In China’s case that has been low value factory work.
Economist Anthony Kelly, of the National Australia Bank, notes in a new assessment that China, one of the most successful adapters of the modern world, has also been forced, by changing circumstances, to move, instead, into the higher value service sector.
The lesson here, surely, is that no country can simply keep on doing what it always has done, while hoping, always, for stronger growth.
Economics is a bit more complicated than that.
by Alan Thornhill
Consensus on tax reform proved elusive when the Prime Minister, Malcolm Turnbull met State premiers and Territory leaders in Sydney today.
The State and Territory leaders went into the meeting of the Council of Australian governments seeking reversal of the $80 billion cuts to their health and education spending that flowed, ultimately, from the unpopular 2014 Federal budget.
Mr Turnbull, for his part, was seeking more stable revenue flows, as the mining boom subsided.
That led to the Federal Treasurer, Scott Morrison, ordering the Federal Treasury to model the likely impact of possible changes, including several that would include a higher Goods and Services Tax.
Although the Opposition has been warning that Mr Turnbull wants to impose a 15 per cent GST on “everything” in place of the present 10 per cent, a 12.5 per cent rate is now starting to look more likely.
But the Coalition remains determined to curb the big Federal deficits it inherited from its Labor predecessor,
Mr Turnbull opened today’s meeting by thanking the Premiers and Territory leaders for what he called “very collaborative discussion we had last night.”
He said:“We all understand that Australia’s economy is transitioning from an enormous mining construction boom.”
And added:”We recognise that we’ve seen a high rise in our terms of trade and as was always going to happen that has now subsided.
I think we all recognise that to ensure our continued prosperity we do need to be more competitive, more productive and more innovative.
However the COAG leaders did agree to keep on examining options for tax reform.
They also accepted a March deadline on their discussions.
”Mr Turnbull said after today’s meeting “there are many different options.”
“There are many different approaches and… ultimately what we need is a tax system for the 21st century.”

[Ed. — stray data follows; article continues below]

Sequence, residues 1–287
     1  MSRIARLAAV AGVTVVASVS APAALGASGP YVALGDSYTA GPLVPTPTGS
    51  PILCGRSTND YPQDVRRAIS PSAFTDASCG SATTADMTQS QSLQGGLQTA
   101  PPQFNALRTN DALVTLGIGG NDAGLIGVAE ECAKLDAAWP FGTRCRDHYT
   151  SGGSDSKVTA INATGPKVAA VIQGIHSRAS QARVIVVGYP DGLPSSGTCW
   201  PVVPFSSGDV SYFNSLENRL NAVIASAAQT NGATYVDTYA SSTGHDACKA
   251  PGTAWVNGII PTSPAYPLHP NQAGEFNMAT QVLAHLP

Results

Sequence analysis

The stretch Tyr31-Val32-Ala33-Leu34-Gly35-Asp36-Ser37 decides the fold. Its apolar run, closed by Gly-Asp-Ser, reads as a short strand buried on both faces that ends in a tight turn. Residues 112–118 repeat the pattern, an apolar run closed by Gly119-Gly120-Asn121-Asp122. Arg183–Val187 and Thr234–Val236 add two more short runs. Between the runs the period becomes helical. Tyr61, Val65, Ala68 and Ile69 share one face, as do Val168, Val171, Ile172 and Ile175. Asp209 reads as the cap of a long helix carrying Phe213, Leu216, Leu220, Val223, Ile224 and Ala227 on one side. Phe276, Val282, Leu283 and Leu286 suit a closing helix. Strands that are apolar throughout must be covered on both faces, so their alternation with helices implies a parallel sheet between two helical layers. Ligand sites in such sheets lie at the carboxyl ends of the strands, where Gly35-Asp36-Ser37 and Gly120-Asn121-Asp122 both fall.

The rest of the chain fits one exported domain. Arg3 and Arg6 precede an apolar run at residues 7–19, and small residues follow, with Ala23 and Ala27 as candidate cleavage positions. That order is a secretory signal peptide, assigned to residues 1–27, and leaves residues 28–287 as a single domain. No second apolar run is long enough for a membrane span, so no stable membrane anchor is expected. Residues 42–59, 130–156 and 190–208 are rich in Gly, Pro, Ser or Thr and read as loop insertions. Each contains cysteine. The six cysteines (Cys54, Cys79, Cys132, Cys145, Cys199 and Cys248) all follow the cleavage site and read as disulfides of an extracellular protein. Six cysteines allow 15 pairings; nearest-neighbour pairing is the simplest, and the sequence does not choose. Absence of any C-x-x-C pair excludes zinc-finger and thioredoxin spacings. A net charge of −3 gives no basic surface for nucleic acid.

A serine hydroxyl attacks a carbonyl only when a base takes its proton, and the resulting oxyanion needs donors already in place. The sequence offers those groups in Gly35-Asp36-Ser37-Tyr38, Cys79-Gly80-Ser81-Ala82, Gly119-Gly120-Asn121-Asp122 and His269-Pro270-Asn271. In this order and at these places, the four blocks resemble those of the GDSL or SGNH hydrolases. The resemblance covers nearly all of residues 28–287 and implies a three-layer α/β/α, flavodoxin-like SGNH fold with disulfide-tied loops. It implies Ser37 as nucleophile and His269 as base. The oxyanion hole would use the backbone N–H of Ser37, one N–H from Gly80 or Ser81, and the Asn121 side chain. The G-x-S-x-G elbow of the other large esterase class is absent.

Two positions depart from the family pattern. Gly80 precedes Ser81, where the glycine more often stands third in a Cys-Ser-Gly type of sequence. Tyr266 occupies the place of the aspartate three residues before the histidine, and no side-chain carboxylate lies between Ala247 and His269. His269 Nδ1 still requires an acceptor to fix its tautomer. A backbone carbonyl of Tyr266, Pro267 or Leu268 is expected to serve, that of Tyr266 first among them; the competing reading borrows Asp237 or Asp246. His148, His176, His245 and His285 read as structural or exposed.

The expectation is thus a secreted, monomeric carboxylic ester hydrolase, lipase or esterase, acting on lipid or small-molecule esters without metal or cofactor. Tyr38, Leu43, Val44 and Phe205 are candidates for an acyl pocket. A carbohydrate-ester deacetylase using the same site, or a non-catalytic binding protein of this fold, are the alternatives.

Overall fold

The Tasmanian Premier, Will Hodgman, said he was looking forward to putting some concrete proposals on the table by the proposed deadline of March next year.
Mr Hodgman said his focus was not to increase the tax burden.
“We believe that the better and more appropriate approach is to ensure that we use this discussion, which also has a very important element of understanding the inefficiencies in our systems,” he said.
ACT Chief Minister Andrew Barr said there are still some fundamental issues in the tax system that need to be addressed ahead of the looming deadline.
“Importantly, out of today was recognition from states and territories as well as the Commonwealth that this is a shared challenge,” Mr Barr said.
“But it’s one that the clock is ticking on and we can’t have another meeting like today in March.
“We have to start making decisions.”
by Alan Thornhill
Why is s that person at the back of the bus yawning?
After all, it’s only 8.15.
And he is clearly on his way to work.
Well, the Statistician might have provided at least part of the answer to that question today.
In new, experimental, information published today the Bureau of Statistics reported that no less than 1.9 million Australians were holding down at least two jobs, simultaneously, back in 2011-12.
That’s almost one in five.
Perhaps that fellow is one or them.
The Bureau said it had just released new experimental information on employee earnings and jobs, including data on multiple job holders.
“This is the first time that the ABS has integrated the Australian Taxation Office’s Personal Income Tax data and the
ABS’ s Expanded Analytical Business Longitudinal Database (integrated business data) ,” it said in a statement.
This had allowed it to produce linked employer-employee data.
The Bureau said this is an important first step towards a future ABS Linked Employer-Employee Database (LEED) which will contain data linked across the years.
“ The ultimate long-term goal is to enhance analysis on productivity, changes in employment by industry, the ability for people displaced from work to regain employment and other important Australian labour market issues,” the Bureau added.
However the Bureau admitted this would take time and require further investment.
“This release demonstrates the ABS’ commitment to innovate and deliver new information on the Australian labour market using administrative data,” Jennifer Humphrys, Director of Labour Market Statistics, at the ABS aid.
“Through integrating employer and employee data, we are able to measure for the first time that 1.9 million employees were multiple job holders (individuals with two or more concurrent jobs) in 2011-12,” it said.
The data also presents additional statistics on employees and earnings including that there were 10.3 million employees in 2011-12.
The median (1) earnings of these employees were $45,869 and the mean(2) earnings were $55,678. the Bureau added
Weathercoast by Alan Thornhill
A novel on the murder of seven young Anglican Christian Brothers in the Solomon Islands.
Available now on the iTunes store.
Alan Thornhill is a parliamentary press gallery journalist.
Private Briefing is updated daily with Australian personal finance news, analysis, and commentary.